It should be noted that Department of Justice attorneys were advised of this situation long before the break-in and did nothing to avert the course of events. 546
The Committee investigated another example of lack of control over informants. The FBI used Robert Merritt 547 as an informant on New Left activities during the early 1970's. His duties included reporting on activities at the Institute of Policy Studies. Merritt told the Committee that his FBI handling-agents instructed him to conduct break-ins, deliver unopened mail acquired illegally, and solicit and provide information to the FBI regarding homosexual proclivities of politically prominent people and individuals of the new Left. 548
The FBI agents who handled Merritt denied these allegations under oath. They stated that Merritt acted on his own. 549
The handling-agents stated that they terminated Merritt because they ascertained that he ha provided false information on one occasion and had reason to believe he provided false information at other times in the past.550 If this was true, it does not fit with other facts. During the seven months that Merritt was an FBI informant, he provided over 100 reports on at least 25 people. He had, in fact, been categorized as "reliable" in FBI records. 55l
No effort was ever made to "correct" the Merritt reports, by indicating that the information contained therein might be unreliable. No prosecutive actions were ever recommended as a result of Merritt's allegedly wrong actions. His efforts apparently fit well with intelligence operations. 552
Furthermore, Merritt told staff that he had committed numerous illegal acts at the direction of District of Columbus Metropolitan Police. 553
His FBI handling-agents stated that although they acquired Merritt form [sic] the Metropolitan Police Department, they never inquired as to the nature of his prior activities as a police informant. 554 This attitude of "see no evil, hear no evil" appears to violate the seemingly rigid regulations of the FBI Manual, designed to effect the recruitment of responsible and reliable informants.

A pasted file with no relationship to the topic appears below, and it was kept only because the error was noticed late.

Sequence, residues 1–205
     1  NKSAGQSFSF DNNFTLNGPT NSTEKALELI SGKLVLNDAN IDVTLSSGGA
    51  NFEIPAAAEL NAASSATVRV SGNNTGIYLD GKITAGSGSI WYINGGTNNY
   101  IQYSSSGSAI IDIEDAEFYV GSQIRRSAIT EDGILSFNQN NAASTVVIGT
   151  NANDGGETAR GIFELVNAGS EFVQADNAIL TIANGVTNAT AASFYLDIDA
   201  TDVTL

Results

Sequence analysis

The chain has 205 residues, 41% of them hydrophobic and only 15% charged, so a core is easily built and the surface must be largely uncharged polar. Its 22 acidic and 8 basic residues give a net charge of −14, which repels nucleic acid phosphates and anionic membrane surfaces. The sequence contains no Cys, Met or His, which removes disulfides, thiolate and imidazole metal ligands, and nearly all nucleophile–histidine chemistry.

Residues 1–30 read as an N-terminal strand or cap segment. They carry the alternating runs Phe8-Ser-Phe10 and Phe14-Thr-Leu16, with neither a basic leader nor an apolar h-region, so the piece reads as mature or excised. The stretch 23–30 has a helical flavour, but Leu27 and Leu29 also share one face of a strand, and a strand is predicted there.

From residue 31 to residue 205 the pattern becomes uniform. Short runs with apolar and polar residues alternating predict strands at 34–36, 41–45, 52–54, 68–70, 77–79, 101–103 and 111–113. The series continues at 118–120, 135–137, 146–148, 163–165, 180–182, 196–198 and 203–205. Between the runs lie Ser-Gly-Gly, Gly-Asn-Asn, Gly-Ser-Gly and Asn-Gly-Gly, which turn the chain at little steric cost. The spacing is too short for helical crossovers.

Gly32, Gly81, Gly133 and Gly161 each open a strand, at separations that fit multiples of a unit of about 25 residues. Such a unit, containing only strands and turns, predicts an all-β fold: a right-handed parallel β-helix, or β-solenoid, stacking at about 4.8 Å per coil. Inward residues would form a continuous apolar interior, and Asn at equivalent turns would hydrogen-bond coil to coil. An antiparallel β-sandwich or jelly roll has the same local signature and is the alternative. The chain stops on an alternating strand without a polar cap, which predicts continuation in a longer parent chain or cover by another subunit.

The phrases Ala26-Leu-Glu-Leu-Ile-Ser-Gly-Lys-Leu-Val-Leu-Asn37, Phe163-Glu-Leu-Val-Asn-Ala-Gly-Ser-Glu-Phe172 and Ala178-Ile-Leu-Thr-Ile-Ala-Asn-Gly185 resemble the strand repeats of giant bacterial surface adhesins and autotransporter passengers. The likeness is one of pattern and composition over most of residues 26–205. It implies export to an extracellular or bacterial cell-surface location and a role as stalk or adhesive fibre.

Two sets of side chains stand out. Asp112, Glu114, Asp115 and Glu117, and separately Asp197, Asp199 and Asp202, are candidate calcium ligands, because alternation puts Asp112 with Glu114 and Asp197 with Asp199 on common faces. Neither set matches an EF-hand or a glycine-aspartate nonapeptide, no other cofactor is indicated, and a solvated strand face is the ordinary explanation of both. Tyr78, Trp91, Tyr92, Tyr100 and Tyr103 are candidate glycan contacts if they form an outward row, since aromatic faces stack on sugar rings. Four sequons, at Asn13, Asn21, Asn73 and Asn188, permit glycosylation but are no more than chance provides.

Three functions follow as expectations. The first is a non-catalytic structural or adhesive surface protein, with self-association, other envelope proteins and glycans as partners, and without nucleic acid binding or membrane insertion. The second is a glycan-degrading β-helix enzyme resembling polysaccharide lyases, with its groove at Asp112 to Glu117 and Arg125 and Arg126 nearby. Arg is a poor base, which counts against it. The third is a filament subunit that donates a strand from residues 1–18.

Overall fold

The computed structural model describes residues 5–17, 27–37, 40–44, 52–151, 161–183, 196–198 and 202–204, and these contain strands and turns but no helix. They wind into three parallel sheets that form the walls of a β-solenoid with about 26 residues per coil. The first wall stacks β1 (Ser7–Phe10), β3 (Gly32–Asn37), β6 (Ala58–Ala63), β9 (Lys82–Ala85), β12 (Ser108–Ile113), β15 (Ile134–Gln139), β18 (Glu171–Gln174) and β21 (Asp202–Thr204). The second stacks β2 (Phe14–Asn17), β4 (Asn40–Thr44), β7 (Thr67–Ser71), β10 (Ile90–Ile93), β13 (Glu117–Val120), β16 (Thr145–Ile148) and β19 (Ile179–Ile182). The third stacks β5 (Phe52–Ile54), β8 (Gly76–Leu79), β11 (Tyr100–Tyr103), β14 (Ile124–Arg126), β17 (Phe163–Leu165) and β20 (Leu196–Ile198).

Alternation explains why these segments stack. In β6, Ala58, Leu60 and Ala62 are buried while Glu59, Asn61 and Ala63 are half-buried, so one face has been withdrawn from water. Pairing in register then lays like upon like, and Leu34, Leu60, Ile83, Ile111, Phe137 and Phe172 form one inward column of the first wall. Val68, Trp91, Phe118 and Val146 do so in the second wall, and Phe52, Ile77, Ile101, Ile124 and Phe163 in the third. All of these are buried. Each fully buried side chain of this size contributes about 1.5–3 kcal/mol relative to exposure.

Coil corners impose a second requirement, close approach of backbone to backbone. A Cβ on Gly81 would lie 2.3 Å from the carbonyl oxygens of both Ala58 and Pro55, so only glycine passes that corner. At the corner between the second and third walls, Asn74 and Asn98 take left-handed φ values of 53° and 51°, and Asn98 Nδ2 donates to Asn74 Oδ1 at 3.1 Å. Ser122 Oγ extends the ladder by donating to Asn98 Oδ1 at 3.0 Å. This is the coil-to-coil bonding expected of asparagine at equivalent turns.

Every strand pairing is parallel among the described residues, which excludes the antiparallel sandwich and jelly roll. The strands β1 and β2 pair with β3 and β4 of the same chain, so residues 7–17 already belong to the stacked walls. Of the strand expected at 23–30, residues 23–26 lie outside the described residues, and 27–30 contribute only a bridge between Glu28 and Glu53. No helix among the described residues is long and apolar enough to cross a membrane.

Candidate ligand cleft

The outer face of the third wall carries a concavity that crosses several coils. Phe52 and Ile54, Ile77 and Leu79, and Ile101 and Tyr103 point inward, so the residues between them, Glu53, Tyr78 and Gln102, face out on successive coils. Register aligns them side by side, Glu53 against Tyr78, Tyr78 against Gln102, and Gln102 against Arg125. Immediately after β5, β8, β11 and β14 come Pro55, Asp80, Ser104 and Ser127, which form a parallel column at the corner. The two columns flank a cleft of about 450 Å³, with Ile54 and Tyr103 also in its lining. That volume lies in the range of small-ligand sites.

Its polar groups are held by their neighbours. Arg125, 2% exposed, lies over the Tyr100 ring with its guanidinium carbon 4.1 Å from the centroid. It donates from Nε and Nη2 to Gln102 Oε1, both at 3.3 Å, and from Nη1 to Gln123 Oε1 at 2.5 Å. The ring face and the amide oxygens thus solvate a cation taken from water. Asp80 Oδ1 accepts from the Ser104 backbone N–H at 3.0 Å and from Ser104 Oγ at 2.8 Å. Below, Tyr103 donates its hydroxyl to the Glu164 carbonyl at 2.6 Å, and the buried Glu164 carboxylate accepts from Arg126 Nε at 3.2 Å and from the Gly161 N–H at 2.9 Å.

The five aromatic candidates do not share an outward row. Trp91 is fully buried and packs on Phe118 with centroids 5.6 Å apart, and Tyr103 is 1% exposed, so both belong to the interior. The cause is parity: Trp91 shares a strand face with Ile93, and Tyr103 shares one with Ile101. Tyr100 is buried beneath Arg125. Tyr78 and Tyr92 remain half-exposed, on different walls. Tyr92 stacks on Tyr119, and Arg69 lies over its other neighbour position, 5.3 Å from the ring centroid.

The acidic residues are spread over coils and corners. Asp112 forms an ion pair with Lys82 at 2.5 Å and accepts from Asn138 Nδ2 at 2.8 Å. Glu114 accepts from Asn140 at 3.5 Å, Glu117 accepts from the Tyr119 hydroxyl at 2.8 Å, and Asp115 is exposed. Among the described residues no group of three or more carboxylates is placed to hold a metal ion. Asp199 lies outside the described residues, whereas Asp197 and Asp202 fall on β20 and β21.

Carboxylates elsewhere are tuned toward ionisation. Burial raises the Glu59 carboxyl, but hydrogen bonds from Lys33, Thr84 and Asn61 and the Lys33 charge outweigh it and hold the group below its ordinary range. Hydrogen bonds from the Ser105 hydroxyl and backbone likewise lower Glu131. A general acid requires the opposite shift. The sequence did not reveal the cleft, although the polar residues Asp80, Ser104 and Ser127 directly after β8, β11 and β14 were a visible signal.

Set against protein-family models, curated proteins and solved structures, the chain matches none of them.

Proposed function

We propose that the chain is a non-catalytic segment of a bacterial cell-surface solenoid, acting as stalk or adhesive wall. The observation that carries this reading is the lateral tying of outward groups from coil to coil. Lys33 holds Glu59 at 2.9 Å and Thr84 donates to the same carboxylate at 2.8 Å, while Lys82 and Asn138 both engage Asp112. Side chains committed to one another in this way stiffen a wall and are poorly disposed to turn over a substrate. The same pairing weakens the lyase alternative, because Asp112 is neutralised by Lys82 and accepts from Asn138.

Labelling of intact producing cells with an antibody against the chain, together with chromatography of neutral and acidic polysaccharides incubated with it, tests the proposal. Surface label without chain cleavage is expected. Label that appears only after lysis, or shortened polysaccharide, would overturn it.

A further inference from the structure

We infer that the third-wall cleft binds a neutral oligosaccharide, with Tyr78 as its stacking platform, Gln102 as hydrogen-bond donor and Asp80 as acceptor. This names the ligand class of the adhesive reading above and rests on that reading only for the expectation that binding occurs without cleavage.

Conflicting testimony in the Merritt matter reveals the problem itself. Since FBI agents' instructions to their informants are, by necessity, given orally555 and without witnesses, it is difficult, if not impossible, to accurately fix responsibility for an informant's actions.
If the FBI agent is at fault, the problem becomes one of administrative command and control. If, however, the informant has gone bad, the problem is more difficult. For example, if an informant successfully instigates others to commit a crime, as in the Hardy matter, his FBI contact agent may overlook the informant's improper actions, because the informant is important to a case for which the FBI agent is likely to receive credit.
The risk that informants may use illegal methods is heightened when one considers the kind of person needed to infiltrate suspected criminal elements. Understating the problem, James Adams, Assistant to the Director of FBI, testified before the Committee on November 18, 1975: "[T]he informants you develop are not recruited from Sunday Schools."556 The dubious character of most informants is compounded by the fact that informants are paid cash, and their payment is commensurate with the information they furnish. The more incriminating the information, the more lucrative the reward.
540 None of the group's members was known by the FBI to be violence-prone. Comm. Hearings, at, Nov. 18, 1975
541 All of which were paid for with FBI funds. Ibid.
542 The FBI's denial of this allegation appears in their Memorandum of Nov. 28, 1975, Appendix II.
543 FBI Manual of Instructions, "Security Informants and Confidential Sources," Section 107.
544 The FBI considers the confidentiality of the relating between a special agent and his informant to be of paramount importance. Staff briefing, FBI Intelligence Division personnel and J.B.F. Oliphant and R. Vermeire, Aug. 28, 1975, copy on file with Sel. Comm. on Intell.
545 Staff interview, Guy Goodwin, by J.B.F. Oliphant and R. Vcnneirc, Nov. 14, 1975, at 83, copy on file with Sel. Comm. on Intell.
546 Ibid., at 83-84.
547 Staff interview, Robert Merritt, by J.B.F. Oliphant, J. Atkisson, E. Miller. Staff memo on fIle with Sel. comm. on Intell.
549 Staff interview, FBI Special Agents Tucker and O'Connor. by l.B.F. Oliphant, J. Atkisson, Nov. 5, 1975, copy on file with Sel. comm. on Intell.
55l Ibid., at 33.
552 Merritt interview.
554 Tucker-O'Connor Interview.